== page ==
In a nutshell, she fascinated many people as a flag-bearer of main stream of Romanticism, while in private life she came to have twelve children and many offspring consequently.













Today I walked in a field of ruin of Nara that used to be the capital of Japan more than 1300 yeas ago.


The story of the two ladies and Tekkan was unfolded about 100 yeas ago.
It seems an old story, but when I think of them walking in this field it appeared to a story of only one hundred years old.
the main building "Daigokuden" was rebuilt recently




黒髪の千すぢの髪のみだれ髪かつおもひみだれおもひみだるる

My shiny black hair


fallen into disarray,

a thousand tangles,

like a thousand tangles thoughts

about my love for you.

Akiko Yosano

(translated by Sam Hamill and Keiko Matsui Gibson)

おっとせい氷に眠るさいはひを我も今知るおもしろきかな 
It makes me feel easier

to get to know that

a fur seal falls into a slumber

soundly and tranquilly

on its icy bed

Tomiko Yamakawa




18 件のコメント:

Jen さんのコメント...

This is a fascinating post--I love reading the history of these poets and your perspective on their lives, poetry, and names. It's such a coincidence, because last night I was thinking about going back to re-read some biographies of poets that I read many years ago. I am going to look for River of Stars.

Dave King さんのコメント...

All lovely, but thanks especially for the info' on Akiko. I shall look out for the book.

Red Rose. さんのコメント...

こんばんわ、Haricot さん。

Yosano Tekkan, Akiko,Tomikoの詩人の歴史を興味深く読ませて頂きました。1300年の奈良の歴史を思うと、確かに100年前に活躍されてた3人の時代は身近に感じますね。
a thousand tangles,like a thousand tangles と二度も繰り返し歌われてるところに、Akiko の深い愛を感じます。
先日私も平城宮跡に行きました。Haricotさんが立たれてる場所から私も空を見上げました。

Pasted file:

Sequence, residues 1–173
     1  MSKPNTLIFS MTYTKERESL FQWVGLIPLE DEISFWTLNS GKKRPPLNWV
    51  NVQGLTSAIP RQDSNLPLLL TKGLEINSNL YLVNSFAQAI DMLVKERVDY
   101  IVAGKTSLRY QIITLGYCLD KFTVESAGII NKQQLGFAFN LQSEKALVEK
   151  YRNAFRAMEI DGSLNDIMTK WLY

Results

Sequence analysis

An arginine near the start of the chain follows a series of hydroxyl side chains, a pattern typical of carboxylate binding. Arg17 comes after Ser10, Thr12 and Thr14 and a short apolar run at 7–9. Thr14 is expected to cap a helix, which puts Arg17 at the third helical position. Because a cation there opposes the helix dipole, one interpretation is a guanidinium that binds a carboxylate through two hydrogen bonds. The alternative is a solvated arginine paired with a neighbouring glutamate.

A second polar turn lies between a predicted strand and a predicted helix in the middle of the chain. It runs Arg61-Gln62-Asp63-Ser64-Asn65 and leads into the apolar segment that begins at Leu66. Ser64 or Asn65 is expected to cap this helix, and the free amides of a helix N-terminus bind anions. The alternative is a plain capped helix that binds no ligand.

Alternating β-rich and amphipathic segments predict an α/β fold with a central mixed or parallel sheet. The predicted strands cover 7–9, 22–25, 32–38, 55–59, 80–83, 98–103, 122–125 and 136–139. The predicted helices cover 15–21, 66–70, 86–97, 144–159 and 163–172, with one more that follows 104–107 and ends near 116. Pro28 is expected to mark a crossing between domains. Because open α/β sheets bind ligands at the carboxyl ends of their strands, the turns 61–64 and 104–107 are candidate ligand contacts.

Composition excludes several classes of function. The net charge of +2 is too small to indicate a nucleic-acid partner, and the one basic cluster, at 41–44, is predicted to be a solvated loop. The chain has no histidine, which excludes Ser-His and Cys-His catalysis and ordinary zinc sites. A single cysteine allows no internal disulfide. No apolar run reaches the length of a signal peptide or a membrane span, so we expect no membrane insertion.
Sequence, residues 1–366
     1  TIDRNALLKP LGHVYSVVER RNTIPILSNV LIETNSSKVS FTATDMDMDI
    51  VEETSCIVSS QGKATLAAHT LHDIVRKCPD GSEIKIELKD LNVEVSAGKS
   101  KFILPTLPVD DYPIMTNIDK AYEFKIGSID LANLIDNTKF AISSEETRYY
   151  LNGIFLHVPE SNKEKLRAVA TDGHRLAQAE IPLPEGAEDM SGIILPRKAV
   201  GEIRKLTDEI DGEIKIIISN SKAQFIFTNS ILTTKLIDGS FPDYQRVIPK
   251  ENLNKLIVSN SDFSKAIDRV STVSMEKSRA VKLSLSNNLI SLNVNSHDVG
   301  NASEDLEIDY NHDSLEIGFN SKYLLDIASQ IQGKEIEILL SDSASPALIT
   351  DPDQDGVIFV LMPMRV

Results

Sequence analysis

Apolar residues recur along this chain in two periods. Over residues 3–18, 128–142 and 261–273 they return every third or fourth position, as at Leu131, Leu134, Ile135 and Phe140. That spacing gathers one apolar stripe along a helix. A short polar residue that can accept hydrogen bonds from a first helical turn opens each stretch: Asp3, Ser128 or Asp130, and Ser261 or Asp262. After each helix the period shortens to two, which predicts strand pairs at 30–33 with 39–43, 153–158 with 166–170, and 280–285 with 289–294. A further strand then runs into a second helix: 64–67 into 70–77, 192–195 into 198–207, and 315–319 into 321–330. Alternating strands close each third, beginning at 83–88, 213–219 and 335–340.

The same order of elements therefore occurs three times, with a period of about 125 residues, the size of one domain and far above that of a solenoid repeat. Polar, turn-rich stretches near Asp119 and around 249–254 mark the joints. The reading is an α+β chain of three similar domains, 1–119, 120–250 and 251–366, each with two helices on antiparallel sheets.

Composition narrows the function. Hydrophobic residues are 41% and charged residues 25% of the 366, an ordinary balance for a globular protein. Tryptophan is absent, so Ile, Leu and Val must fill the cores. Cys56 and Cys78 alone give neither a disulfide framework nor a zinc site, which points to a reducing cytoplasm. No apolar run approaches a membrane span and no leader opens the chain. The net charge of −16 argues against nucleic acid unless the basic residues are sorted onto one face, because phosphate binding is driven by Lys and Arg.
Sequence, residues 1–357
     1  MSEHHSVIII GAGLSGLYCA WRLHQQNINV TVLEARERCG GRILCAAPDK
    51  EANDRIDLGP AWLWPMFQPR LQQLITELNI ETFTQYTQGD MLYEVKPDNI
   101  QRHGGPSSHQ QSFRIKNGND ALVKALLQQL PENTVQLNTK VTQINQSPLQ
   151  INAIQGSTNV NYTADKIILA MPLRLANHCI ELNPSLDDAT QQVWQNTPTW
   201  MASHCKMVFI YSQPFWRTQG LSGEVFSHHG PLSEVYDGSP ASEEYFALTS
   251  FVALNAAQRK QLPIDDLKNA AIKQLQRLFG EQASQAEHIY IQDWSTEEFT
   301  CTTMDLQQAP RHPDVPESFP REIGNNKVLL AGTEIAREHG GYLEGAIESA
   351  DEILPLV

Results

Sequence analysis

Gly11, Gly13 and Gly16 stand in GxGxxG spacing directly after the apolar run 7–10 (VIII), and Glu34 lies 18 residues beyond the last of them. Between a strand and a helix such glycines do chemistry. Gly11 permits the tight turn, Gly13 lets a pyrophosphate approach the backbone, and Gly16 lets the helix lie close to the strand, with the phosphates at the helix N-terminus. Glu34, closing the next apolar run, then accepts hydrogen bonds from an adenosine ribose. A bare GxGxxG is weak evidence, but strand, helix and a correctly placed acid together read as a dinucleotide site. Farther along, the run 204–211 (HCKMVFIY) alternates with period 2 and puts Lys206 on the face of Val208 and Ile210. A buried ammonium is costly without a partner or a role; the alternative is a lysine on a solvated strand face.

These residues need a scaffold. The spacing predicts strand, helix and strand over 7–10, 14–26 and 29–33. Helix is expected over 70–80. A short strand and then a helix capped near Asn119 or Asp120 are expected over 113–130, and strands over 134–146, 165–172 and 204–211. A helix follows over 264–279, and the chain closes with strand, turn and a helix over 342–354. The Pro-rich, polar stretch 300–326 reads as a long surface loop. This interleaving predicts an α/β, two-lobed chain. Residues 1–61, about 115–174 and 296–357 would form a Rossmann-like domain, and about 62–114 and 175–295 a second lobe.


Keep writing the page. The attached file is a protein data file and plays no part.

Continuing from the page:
Tomoko

snowwhite さんのコメント...

平城宮跡は本当に何もないけど、何もないから、夕焼けがきれいです。
2つの歌に表わされる Akiko, Tomikoの情熱は本当に火と水ですね。
折口信夫の「死者の書」で雫が垂れる音を したした とあらわしていたのを思い出しました。
今回も興味が尽きないお話でした。ありがとうございました。
keiko

Celeste さんのコメント...

Salut Haricot,
très belles photos pour illustrer, la belle histoire d'amour entre les grand poètes Tomiko et Yosanno.
J'aime vos textes qui me font rêver.....
Amitiés.Celeste

Rurousha さんのコメント...

Thank you so much for this post! I knew about Akiko Yosano (that tangled black hair poem is very famous, isn't it?), but I'd never heard of Tomiko Yamakawa. When I was searching for new information, I discovered that a movie was made about this love triangle. It's called 華の乱. I've just watched a trailer on YouTube (link here), and now I want to see the full movie!

PS: I hope I'll get a chance to visit some bush clover temples in Kamakura next week. (There isn't much in Tokyo itself.) The flower should be in full bloom. I love their quiet understated beauty.

stardust さんのコメント...

直立せずに先端がややしだれ、風の中で自由にそよぐと風情のある萩。 清楚な白百合は凛としたイメージがあります。鉄幹さんはそういうイメージをとらえられてたのでしょうか。

昨年は9月初めの台風で萩にも影響がありましたが、今年の萩は早く咲き、きれいですね。